Saturday, July 31, 2010

Same-Sex Reproduction...A Not So Far Off Possibility?

As much as anti-gay pundits bang the drum that gays cannot biologically reproduce, we are no strangers to the process. Many gay couples are raising children from previous marriages and others may have built their family with surrogacy or invitro Fertilization. Their are plenty of same-sex families out their raising children biologically related to at least one partner....but what if you could have a child that is biologically, a product of BOTH partners...think it can't be done? Well, not so might be catching up with us.

Recently, I recieved a tip from a Youtube viewer about about a blog called The Chomosome Chronicles and a recent post regarding sexual reproduction for same-sex couples using a process of inducing adult skin cells to become a form of stem cell and then convincing that stem cell to become a sperm or and egg with the same DNA of the donor.

Wow...perhaps we really do live in the fantastic future where science fiction is becoming our science fact. I still wonder what happened to my flying car and robot maid. The world of genetics is exploding with new developments but you don't hear about its developments as often as you do about the newest tech gadget. Perhaps is because advancements in the field bring as much trepidation and questions as they do wonders. Just like fears of technology become played out in movies and television, warning that our technologies will seek to destroy us. So do biological and genetic advancements have their shadows to haunt our dreams.

but first...I am no scientist and will probably get a detail or two wrong, but I think a laymans explanation is in order...the article is very clear in pointing out that this break through is only theoretical at this point and is based some remarkable recent developments:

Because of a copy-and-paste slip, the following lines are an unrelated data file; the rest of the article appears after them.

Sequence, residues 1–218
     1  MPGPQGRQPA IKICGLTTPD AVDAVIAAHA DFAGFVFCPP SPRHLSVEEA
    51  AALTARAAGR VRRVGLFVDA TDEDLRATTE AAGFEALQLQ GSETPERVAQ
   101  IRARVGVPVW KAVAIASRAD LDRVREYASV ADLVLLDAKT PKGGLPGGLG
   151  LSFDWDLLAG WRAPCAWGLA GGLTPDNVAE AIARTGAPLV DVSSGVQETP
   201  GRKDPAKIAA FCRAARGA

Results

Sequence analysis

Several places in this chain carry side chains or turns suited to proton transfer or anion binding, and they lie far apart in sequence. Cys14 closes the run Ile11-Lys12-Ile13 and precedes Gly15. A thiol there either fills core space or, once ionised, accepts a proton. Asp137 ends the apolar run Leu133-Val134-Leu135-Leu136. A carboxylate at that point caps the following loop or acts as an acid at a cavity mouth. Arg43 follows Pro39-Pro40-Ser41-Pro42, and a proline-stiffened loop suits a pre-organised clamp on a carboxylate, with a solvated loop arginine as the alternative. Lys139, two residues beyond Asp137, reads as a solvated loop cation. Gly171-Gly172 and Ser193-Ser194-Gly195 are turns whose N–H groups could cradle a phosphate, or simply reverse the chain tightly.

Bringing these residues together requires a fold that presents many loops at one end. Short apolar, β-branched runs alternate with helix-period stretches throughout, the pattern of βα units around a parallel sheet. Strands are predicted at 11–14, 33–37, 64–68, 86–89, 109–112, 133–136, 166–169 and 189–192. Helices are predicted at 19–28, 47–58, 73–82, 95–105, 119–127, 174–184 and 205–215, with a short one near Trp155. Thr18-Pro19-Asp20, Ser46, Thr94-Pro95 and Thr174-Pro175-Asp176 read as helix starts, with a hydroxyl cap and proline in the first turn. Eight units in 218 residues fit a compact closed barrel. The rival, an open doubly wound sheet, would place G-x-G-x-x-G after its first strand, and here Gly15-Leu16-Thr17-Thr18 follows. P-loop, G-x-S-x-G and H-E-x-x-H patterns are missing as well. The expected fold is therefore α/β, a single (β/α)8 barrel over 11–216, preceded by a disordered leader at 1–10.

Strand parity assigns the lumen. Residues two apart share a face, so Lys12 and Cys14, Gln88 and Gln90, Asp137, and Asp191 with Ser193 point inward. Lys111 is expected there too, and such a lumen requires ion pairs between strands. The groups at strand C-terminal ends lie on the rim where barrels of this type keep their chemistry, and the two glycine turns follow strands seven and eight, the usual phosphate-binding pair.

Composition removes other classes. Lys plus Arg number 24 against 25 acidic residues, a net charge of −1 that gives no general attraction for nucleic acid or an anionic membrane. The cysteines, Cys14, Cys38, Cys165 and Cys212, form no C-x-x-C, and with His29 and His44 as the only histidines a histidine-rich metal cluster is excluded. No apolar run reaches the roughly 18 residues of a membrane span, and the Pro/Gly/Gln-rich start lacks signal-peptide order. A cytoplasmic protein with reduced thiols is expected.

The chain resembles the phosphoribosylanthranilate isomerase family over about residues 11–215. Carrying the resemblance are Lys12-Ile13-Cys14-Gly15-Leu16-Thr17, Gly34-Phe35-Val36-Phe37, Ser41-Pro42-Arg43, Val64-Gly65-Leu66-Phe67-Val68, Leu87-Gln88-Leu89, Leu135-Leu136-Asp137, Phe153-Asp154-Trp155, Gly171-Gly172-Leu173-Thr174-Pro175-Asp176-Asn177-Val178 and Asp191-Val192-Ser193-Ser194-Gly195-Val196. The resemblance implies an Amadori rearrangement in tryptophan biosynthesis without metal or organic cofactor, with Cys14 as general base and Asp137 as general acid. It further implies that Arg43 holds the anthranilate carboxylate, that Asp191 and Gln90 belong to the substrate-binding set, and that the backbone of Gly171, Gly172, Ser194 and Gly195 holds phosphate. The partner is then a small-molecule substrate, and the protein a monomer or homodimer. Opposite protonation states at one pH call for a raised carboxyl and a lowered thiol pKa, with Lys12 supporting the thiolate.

The first is the ability to induce adult skin cells to become "pluripotent stem cells"...the type of stem cell most often attributed for its ability to develop into almost any other kind of cell....through a process called "celular reprograming". The resulting stem cell would have dna genetically identical to its donor. This process would be an altenative to using embryonic stem the skin cells we have reprogramed into stem cells can then be encouraged to differentiate into sperm or eggs.

The remarkable thing is that the donor can be anyone. A male same sex couple can have one parters skin cells reprogrammed then differentiated into and egg containing his DNA...then the second partners sperm is combined with the egg and then placed within a surrogate womb....the resulting child would be a combination of both of their genetic profiles. Like wise, the process would work the same for a female couple with the additional fact that one of them could carry the child to term.

However, the process has some limitations as the article details. For male couples, since we carry both and "X" and a "Y" chromosome...there is a 50% chance that the "Y" chromosome could be passed on into the egg resulting an in embryo with two "Y"s...which would not survive. Their is also the additional consideration of having to find someone willing to carry the child.

Female couples would only be able to produce female children...having no "Y" chromsomes to contribute.

Even with its limitations...this is a pretty incredible thing to . Its as complicated as surrogacy but has the upside of child that is the product of both partners. As apposed to traditional surrogacy which would be the dna of only one partner plus an additional person outside the relationship who could potentially decide later on down the road that they want to assert parental rights. the case of a male couple...would the woman donating her womb still be considered the mother in the eyes of the law even though the child is not biologically related to her? It would seem that the answer to that would be a common sense "no"...but we are dealing with the state here and common sense does not always apply when we get into the realm of the state and same-sex issues. In addition, I'm sure the process will be quite expensive...making it an option for all but a few. It was also expressed in no uncertain terms that this process is not commercially available nor was the writer of the article aware of anyone working toward that goal...only that the potential techniques existed.